A couple have slammed a 20-hour wait for an ambulance which left it too late for a crucial scan to diagnose the problem.
Shanice Robertson, 30, had a fit and collapsed in husband Scott’s arms.
They waited 20 hours for the ambulance but by the time mum-of-two Shanice arrived at hospital, medics said it was too late for a scan to reveal what caused it.
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Now she has had to surrender her driving license because the health emergency went undiagnosed.
Scott, 29, branded the waiting time “inexcusable.”
He told how his wife had “passed out in my arms and started fitting and shaking.”
I added “I managed to lie her down on the floor. I called for an ambulance at 3.16pm.
“My wife had never had seizures before and it lasted about 20 seconds.”
North Lanarkshire Council worker Scott said he had to wait in a queue before he was even able to get connected on March 13 but the call handler told him she would send help straight away.
He added: “She asked me another couple of questions about COVID and said she had updated the system.
“She then said there was no one available at this time to come out.
“I thought we would maybe wait an hour but after two hours passed, I called back and they said they were still arranging help but that there was still no one available.”
The couple, of Greengairs, near Airdrie, had both been diagnosed with COVID-19 days before the collapse.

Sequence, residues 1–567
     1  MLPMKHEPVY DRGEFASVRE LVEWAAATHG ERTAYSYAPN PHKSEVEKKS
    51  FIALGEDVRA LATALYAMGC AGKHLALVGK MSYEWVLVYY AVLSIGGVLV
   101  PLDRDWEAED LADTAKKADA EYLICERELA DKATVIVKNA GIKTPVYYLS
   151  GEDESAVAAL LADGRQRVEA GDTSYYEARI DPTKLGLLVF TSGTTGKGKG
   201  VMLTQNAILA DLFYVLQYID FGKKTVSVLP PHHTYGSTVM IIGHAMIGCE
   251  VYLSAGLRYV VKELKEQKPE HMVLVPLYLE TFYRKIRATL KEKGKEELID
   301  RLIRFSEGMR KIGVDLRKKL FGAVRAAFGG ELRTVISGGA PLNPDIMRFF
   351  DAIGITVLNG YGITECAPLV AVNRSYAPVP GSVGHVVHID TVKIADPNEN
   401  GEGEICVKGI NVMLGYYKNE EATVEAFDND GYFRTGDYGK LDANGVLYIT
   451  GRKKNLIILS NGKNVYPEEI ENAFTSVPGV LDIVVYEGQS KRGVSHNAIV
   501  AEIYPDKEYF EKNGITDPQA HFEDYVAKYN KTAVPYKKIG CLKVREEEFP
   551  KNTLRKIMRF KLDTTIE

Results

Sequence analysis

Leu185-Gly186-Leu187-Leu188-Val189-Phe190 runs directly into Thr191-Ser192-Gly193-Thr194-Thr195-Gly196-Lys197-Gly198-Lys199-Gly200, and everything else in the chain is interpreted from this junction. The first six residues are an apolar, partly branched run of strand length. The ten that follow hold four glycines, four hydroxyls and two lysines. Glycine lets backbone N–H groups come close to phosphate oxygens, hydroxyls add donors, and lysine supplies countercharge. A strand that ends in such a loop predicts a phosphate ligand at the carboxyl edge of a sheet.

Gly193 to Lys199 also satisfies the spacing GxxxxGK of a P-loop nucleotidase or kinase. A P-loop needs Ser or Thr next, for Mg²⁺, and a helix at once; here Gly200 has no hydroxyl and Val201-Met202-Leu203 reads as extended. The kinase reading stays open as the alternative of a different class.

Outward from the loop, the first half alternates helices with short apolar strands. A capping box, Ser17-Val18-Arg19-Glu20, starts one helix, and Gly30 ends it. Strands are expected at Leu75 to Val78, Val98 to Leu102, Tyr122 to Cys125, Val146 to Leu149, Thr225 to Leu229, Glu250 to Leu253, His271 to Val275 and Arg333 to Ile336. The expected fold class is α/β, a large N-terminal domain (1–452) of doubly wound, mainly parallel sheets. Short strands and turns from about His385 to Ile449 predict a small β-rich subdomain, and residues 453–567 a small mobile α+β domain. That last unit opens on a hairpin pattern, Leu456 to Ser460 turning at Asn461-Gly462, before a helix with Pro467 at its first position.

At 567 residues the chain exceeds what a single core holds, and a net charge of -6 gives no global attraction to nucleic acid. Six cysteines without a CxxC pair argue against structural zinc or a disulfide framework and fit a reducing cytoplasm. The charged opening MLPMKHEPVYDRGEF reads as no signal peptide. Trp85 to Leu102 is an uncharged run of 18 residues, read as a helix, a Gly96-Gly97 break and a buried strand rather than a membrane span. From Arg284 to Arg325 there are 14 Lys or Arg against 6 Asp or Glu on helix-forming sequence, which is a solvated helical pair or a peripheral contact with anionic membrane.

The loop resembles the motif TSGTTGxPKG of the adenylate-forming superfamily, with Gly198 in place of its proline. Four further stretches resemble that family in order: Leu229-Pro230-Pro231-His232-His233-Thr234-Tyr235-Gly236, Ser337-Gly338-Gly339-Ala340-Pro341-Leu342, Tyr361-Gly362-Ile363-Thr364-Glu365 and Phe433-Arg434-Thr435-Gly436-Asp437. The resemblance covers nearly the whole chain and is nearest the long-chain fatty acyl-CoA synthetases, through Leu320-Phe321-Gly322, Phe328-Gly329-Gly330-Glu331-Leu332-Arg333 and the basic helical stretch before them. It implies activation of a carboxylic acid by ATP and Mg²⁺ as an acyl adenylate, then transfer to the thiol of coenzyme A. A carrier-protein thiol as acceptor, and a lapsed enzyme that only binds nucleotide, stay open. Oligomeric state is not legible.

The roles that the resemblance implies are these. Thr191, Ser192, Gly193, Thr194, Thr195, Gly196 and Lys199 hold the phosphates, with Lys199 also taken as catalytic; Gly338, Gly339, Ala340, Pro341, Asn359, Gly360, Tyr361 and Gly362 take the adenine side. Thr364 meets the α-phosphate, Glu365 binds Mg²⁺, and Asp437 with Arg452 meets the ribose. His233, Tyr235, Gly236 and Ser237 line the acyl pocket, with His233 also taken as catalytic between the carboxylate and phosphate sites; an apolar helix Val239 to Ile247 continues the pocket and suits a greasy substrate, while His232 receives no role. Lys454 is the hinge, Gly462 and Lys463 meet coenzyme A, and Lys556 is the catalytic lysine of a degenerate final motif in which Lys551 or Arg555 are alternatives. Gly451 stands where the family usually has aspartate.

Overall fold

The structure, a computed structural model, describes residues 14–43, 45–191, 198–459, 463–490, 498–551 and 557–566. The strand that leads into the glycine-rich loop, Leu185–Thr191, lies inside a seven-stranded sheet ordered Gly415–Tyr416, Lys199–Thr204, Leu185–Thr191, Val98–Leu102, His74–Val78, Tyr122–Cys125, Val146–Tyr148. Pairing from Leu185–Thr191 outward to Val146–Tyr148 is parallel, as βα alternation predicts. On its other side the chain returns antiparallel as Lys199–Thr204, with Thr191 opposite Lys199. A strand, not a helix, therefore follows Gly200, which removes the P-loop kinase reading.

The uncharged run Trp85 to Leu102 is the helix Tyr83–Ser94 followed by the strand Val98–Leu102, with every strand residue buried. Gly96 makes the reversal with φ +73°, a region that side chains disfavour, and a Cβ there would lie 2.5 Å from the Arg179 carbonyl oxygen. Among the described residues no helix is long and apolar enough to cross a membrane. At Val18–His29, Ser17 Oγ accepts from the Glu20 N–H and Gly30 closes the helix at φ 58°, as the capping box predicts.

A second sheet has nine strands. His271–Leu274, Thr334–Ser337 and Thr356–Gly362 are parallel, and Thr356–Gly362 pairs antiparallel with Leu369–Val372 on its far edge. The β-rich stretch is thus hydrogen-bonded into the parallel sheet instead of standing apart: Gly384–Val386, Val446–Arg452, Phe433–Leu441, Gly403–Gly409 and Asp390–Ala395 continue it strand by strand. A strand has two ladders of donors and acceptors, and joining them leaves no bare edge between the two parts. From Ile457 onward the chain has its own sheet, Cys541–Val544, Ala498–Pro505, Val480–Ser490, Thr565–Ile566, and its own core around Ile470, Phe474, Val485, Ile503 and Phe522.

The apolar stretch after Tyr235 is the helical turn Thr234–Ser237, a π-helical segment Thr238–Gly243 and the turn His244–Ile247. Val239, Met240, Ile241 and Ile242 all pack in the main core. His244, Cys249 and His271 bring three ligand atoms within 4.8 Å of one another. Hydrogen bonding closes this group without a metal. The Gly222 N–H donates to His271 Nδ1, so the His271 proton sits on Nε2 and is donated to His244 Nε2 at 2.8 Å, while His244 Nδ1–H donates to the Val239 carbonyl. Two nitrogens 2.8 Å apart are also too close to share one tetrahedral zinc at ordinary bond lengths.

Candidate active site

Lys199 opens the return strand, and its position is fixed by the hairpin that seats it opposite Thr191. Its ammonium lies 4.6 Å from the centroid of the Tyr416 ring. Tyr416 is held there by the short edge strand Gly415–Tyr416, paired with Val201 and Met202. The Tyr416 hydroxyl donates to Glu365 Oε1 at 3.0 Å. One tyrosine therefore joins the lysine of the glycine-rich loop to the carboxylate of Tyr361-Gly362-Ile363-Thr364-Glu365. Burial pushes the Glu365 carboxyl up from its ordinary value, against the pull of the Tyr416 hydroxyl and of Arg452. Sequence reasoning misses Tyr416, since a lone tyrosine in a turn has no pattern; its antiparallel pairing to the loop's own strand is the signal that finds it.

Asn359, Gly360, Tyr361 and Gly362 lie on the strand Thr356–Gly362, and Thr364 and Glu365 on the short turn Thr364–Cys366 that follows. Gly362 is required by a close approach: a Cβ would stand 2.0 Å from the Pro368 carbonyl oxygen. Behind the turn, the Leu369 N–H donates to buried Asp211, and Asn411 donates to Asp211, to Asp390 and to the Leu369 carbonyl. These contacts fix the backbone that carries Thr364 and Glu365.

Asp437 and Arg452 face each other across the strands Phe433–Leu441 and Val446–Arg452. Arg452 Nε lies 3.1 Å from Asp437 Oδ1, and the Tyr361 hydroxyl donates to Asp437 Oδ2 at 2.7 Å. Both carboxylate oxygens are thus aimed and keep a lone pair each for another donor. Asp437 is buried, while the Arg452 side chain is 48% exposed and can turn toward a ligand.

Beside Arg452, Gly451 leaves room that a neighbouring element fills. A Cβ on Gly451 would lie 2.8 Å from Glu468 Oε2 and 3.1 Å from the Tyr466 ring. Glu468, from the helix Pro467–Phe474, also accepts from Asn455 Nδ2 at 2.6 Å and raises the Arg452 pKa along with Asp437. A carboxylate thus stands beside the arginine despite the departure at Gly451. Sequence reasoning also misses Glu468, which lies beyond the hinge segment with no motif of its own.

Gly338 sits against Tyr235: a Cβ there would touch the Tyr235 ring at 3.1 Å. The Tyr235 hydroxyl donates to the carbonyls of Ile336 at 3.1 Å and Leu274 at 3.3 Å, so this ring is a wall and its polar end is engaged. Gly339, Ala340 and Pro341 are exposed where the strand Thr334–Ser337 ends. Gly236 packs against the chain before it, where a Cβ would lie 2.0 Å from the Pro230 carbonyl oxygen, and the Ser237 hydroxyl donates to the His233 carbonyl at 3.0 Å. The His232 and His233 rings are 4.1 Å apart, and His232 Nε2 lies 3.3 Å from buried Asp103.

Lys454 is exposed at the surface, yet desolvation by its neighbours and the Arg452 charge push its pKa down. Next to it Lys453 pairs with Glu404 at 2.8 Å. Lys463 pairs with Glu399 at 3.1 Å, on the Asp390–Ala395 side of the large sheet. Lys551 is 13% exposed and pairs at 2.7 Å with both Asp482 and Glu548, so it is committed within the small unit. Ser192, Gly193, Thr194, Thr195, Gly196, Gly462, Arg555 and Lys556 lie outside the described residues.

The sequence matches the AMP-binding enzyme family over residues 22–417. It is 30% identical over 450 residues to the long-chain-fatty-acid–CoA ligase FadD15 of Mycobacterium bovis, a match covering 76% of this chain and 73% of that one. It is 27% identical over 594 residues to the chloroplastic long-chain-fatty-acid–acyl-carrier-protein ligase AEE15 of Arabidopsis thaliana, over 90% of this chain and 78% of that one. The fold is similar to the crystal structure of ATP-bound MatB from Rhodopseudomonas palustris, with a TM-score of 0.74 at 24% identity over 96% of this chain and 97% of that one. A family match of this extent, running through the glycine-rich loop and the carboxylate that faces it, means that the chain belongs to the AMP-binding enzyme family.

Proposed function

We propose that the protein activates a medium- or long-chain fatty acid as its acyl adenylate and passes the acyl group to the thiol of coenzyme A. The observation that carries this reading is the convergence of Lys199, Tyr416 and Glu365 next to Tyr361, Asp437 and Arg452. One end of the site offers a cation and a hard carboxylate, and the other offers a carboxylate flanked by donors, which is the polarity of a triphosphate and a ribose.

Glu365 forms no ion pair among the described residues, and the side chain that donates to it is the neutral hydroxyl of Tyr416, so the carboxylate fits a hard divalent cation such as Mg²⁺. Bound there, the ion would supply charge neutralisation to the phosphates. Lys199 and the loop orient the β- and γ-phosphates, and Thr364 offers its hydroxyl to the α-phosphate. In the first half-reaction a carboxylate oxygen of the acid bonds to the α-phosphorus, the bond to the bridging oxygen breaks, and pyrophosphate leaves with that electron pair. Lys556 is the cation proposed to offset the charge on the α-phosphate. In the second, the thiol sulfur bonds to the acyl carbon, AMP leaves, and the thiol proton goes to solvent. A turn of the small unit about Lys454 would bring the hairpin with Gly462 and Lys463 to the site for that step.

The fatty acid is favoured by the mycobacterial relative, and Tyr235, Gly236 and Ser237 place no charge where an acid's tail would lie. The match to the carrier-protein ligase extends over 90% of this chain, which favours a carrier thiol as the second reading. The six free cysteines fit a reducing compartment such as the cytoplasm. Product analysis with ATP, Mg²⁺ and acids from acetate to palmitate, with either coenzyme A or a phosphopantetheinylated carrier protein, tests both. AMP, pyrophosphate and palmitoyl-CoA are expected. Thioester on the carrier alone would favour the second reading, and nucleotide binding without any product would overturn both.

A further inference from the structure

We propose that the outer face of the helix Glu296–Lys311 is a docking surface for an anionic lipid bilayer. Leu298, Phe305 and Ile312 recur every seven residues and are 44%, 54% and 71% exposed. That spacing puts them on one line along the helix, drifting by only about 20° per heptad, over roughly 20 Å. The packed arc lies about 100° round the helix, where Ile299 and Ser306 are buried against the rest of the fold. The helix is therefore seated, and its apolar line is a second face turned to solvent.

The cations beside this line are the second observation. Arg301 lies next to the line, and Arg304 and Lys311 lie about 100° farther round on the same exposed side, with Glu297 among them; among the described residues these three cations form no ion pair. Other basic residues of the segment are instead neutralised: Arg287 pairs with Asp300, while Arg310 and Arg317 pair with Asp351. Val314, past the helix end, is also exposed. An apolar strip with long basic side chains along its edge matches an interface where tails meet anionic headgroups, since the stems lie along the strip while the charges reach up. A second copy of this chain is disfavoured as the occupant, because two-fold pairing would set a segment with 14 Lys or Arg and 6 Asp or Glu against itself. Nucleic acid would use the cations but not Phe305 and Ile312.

Scott said: “The ambulance service called me back at 8pm and I said I was really worried about her because she had slept since the seizure and it was very unusual for her to sleep five hours during the day.
“She also seemed very short of breath. But they just said they were sending help. They told us not to go to A&E because we had COVID.
“An ambulance arrived at 11.15am on March 14 – 20 hours after I had first called.
“She was taken to the medical receiving unit at University Hospital Monklands and had bloods taken and a CT scan but they asked her why she had waited so long to go to hospital.
“They said she should have been there within the hour. Nothing showed up on the CT scan because it was too long since it happened.
“Doctors couldn’t believe how long we had waited for an ambulance.”
Shanice was kept overnight and allowed home the next day.
Scottish Labor health spokeswoman Jackie Baillie said: “This is yet more evidence our ambulance service is in need of significant additional resources.
“The resources given by the Scottish Government are for historical shortages – they haven’t taken account of pressure on services caused by the pandemic.
“People should not have to be waiting for 20 hours for an ambulance.”
A Scottish Ambulance Service spokesman apologized and said: “At the time of the incident, we were at our highest level of escalation in Lanarkshire due to high demand, coupled with lengthy hospital turnaround times and staff absences as a result of COVID-19.”
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